If nettles call, go.

After lunch, I walked outside. It was too perfect to continue sitting inside conference rooms.  After all, the  English countryside was right there. I could hear the humming invite of a thousand nettles.

The public pathways opened the way like the dao (I am at a Chinese medicine conference so it all flows). They are super quaint and a little fuzzy on exact details. The public footpaths, that is.

One path was covered over in growth. It was mystical and had animal holes here and there and I briefly wondered about the threat of badgers. What would I do? I was told later that it was more likely big rabbits. Badgers are shy.

A few areas are straightforward.

I just finished  a class about nature and health. It was a clear presentation, leaving no doubt that nature is healing. It doesn’t even demand that you be way out in the country or woods. It does mean communing with what is alive. For example, gardening. It is best if you can find a place among trees or water or clouds to spend some time. It doesn’t have to be fancy. It could mean indoor plants. If you can’t do much outside, bring it in.

Also and in the same vein of being alive, give and receive affection. Be loving; be sexual with your beloved. Be there. Also, and on the list, have pets. In England, therapy animals are called pet dogs. As in, you pet them and feel good. Touch another living thing with care.

I think we all have doors or pathways of choice along the way.


Nearly every day we have chances to go through passages, or elevate. We climb up. We see more, we feel a touch of strength, confidence. A way to do it again.

Or, there is no obvious clear path so you skirt through between the nettles reaching toward you and the corn dutifully shooting straight up, totally indifferent to your passing. Even such a small victory like this is exhilarating because you did it, you moved forward.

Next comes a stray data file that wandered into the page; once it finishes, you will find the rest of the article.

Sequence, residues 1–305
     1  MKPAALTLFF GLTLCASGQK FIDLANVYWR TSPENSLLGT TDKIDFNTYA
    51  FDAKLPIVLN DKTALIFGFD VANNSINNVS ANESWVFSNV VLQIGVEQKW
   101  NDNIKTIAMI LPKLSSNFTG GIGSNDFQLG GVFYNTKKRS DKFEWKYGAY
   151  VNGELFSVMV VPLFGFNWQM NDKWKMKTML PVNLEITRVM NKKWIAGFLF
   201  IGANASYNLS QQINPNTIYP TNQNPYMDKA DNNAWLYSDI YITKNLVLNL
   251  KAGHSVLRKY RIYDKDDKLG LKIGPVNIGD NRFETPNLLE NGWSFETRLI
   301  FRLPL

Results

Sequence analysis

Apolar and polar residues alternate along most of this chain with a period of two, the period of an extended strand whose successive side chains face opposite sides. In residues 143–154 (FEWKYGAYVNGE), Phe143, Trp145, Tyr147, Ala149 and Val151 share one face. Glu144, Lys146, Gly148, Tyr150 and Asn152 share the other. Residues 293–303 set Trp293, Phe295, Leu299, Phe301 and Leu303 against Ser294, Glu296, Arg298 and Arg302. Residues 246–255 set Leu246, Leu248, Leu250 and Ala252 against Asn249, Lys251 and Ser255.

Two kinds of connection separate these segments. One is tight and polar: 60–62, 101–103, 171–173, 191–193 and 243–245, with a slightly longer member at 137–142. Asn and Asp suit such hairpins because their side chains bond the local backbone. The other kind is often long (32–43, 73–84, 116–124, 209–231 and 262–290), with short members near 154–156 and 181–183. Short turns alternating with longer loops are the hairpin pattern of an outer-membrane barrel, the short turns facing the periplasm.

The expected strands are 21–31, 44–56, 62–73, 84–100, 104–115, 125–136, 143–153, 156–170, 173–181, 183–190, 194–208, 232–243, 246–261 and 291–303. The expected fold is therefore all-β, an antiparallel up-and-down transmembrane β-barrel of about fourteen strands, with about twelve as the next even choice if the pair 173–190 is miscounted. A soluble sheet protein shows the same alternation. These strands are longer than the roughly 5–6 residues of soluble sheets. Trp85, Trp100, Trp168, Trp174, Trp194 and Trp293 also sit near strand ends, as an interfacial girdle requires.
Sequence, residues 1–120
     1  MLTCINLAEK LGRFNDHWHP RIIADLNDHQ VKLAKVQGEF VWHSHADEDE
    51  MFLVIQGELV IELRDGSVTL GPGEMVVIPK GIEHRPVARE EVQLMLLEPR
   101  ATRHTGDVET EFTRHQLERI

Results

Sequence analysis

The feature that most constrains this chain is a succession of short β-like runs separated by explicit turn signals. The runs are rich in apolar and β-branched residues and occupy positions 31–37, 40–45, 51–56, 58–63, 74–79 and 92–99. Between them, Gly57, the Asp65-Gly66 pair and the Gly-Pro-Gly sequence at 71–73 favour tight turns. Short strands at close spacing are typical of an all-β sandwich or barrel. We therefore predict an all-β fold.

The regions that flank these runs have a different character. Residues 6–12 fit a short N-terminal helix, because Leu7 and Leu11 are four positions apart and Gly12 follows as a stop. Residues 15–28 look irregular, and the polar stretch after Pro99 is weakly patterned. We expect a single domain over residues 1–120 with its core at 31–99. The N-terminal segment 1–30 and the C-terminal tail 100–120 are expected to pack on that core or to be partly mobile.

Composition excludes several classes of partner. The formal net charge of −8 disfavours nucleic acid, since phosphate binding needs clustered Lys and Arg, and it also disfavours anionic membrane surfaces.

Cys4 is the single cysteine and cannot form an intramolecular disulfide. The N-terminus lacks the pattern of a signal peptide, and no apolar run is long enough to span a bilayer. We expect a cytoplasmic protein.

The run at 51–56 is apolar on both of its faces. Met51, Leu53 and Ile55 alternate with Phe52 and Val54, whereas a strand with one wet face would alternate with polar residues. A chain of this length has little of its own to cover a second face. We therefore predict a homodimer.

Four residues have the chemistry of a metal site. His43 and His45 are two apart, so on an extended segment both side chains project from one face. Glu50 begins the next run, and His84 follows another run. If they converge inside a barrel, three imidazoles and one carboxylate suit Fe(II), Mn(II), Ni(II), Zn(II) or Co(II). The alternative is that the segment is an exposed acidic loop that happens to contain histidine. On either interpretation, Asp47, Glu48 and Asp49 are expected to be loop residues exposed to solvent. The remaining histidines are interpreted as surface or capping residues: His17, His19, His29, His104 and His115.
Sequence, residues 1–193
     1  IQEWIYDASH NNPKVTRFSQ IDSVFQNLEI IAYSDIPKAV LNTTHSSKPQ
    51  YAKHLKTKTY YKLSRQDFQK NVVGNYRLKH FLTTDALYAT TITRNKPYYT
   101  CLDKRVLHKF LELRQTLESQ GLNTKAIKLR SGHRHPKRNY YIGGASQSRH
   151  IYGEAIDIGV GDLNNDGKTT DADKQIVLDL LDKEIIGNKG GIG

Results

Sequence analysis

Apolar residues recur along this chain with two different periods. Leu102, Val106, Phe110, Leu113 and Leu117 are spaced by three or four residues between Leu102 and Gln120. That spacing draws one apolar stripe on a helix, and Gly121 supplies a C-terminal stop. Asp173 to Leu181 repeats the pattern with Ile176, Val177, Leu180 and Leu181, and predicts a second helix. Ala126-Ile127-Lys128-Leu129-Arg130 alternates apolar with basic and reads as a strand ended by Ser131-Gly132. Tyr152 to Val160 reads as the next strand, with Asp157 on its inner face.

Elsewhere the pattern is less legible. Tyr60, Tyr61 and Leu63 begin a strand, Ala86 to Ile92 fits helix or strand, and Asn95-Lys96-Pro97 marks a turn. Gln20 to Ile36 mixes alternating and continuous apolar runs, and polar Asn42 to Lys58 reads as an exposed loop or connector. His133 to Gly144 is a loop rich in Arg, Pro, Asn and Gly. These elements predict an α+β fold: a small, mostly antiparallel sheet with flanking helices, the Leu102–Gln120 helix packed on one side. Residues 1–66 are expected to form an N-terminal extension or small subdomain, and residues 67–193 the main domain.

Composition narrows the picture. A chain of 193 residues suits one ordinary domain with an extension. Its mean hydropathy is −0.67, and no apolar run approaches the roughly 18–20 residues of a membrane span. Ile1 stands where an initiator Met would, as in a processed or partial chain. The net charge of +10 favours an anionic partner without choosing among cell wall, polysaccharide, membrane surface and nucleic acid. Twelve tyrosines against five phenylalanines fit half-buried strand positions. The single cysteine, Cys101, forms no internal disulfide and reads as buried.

When I passed by the above scene I thanked the moment. I mean I really felt thankful for receiving such a generous gift. Waves of thanks went around to the quiet field. There was not one single other person out there.

It then made me wonder where we learn gratitude? We talk it up a lot. I think it’s most powerful modeled. I learned from a few people along they way- mostly when quite young- I saw the faces and body language of gratitude. I felt the energy of gratitude and it infused me, a little drop splashed around here and there over time. And thinking back now, I loved witnessing it.

I made my way back through the country and into the next lecture.

the next session was about the technique and flow of acupressure and tuina (a type of massage). This presenter talked to you like she wanted to, listened to you like she liked you, laughed like she got the joke, touched like she loved the person receiving. Essentially, she was confident, skilled, joyful, and present. This was just what I needed to see. I need this sort of example to move me along with what I’m trying to do with my life personally and professionally.

I think this is health in action.

Love what you love. Love who you love, everybody- people, animals, plants.  Apply love and affection as a verb. Don’t be too busy for either or both. This is for sustainable health and well-being.

This was my lesson for this day in England.

4 thoughts on “If nettles call, go.”

  1. Touch another living thing with care.

    even if on the shoulder, while eating a burrito, and a little dog dances beneath the table.

    very nice, Bunky. you are whittling down and filling out at the same time, I like it a great deal. others will like it too, with love.

    and you changed the format! it’s very nice- the photos lead us along as well, so cool!

    hope you enjoyed sharing your adventure with us all- we didn’t get to go with you THEN but we get to go NOW. and now is all there is-

  2. Lovely, dear friend.
    I am always there with you , while reading your words.
    Simply perfect.
    Think about reading Being Mortal, by the way

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